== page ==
By Prof. Dr. Alexander Motyl
What began as a localized crisis in Crimea has now become a de facto state of war between Russia and Ukraine. After pro-Russian forces seized control of the Crimean parliament and government last week, Russian troops began occupying strategic sites throughout the autonomous republic on Friday and Saturday. On March 1, President Vladimir Putin escalated the conflict by submitting the following appeal to the Russian parliament:
In connection with the extraordinary situation that has developed in Ukraine and the threat to citizens of the Russian Federation… I hereby appeal to the Council of Federation of the Federal Assembly of the Russian Federation to use the Armed Forces of the Russian Federation on the territory of Ukraine until the social and political situation in that country is normalised.
Needless to say, the Council of the Federation gave its approval immediately. The extraordinary aspect of this request is that it gives Putin carte blanche to deploy Russian troops, not just in Crimea, where “citizens of the Russian Federation” are supposedly under threat, but “on the territory of Ukraine” — that is to say, anywhere “citizens” might be under threat. Insofar as actual or alleged Russian citizens can be found everywhere in Ukraine, Putin has now arrogated to himself the right to deploy Russian troops in, and in effect occupy, all of Ukraine. And since he will be the one to define when “the social and political situation in that country is normalised,” that occupation could last as long as he likes — possibly resulting in permanent annexation.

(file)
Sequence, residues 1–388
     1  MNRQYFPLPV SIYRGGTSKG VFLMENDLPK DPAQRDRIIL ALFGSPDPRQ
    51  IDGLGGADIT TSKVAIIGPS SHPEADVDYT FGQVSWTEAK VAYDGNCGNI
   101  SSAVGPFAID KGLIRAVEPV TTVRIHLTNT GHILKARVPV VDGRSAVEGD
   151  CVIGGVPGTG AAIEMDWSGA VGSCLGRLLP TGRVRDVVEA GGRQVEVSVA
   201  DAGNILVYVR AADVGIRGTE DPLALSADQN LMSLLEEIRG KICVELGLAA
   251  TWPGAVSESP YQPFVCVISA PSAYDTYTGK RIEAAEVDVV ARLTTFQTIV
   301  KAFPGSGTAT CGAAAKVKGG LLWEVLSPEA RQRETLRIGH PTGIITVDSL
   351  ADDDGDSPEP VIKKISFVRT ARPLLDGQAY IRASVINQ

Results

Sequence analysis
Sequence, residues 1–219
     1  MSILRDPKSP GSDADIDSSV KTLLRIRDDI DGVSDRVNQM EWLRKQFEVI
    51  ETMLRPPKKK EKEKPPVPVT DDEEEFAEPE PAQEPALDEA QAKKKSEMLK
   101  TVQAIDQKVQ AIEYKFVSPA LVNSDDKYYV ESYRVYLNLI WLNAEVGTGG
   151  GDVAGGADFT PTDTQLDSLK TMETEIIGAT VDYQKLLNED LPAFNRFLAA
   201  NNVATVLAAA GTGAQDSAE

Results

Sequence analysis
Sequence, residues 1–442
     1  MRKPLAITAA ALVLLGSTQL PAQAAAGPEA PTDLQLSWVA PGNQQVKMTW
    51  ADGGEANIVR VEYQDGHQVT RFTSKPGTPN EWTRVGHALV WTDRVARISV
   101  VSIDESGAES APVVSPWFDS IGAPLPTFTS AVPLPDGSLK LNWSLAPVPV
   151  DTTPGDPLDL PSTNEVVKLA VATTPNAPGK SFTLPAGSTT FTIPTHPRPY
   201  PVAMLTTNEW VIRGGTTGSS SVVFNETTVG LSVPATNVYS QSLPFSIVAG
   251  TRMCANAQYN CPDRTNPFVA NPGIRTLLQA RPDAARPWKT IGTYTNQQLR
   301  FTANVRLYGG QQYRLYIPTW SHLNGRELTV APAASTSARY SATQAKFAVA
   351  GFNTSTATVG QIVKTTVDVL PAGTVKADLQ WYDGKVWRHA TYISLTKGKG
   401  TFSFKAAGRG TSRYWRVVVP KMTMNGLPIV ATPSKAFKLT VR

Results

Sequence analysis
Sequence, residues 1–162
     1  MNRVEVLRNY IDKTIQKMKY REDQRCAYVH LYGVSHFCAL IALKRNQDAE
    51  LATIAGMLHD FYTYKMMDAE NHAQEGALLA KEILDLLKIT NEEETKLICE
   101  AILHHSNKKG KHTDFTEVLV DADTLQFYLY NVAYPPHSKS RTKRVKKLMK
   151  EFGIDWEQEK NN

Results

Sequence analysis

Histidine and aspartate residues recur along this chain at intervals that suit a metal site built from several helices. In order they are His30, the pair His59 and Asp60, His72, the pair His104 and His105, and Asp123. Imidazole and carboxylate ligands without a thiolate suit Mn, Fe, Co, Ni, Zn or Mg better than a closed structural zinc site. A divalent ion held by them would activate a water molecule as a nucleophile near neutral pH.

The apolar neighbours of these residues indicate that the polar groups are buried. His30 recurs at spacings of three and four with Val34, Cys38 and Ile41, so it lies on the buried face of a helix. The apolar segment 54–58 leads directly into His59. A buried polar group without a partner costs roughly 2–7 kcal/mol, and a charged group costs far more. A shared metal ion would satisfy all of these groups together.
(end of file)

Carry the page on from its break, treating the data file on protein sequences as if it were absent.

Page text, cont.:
Adding fuel to the fire is the fact that pro-Russian forces have seized administrative buildings and called for Russian assistance in a variety of Ukraine’s southern and eastern provinces: Kharkiv, Luhansk, Donetsk, Mykolaiv, and Dnipropetrovsk. Whether they represent anyone beside themselves is unclear, but there is no doubt that pro-Russian sentiment does exist among many ethnic Ukrainians and ethnic Russians in these provinces. More often than not, locals want an expansion of their regional powers and more cultural-linguistic autonomy. These are the normal demands made by regions and minorities in most contemporary states. If Putin were not a factor, authorities in Kiev should be able to hammer out some deal that would satisfy the rebellious provinces.
If, however, Putin decides to intervene militarily in Ukraine’s southeast, the tussle between Kiev and the provinces automatically will become a question of separation, dismemberment, and Russian aggression. Both Moscow and Kiev know that Russia’s military is superior to Ukraine’s. Russian armed forces number about 750,000 troops; Ukraine’s about 150,000. Russia has been aggressively spending on its military in the last decade, while Ukraine has actually been cutting back. In any armed conflict, Russia would win. Ukraine’s only hope would be to threaten to inflict enough casualties to affect Putin’s calculation of costs and benefits. And the farther Russian troops march into Ukraine, the more popular resistance they will encounter — and therefore the more civilian casualties they will inflict. Is Putin willing to start a war over all or most of Ukraine, or will he confine himself to annexing Crimea or, say, a few southeastern provinces?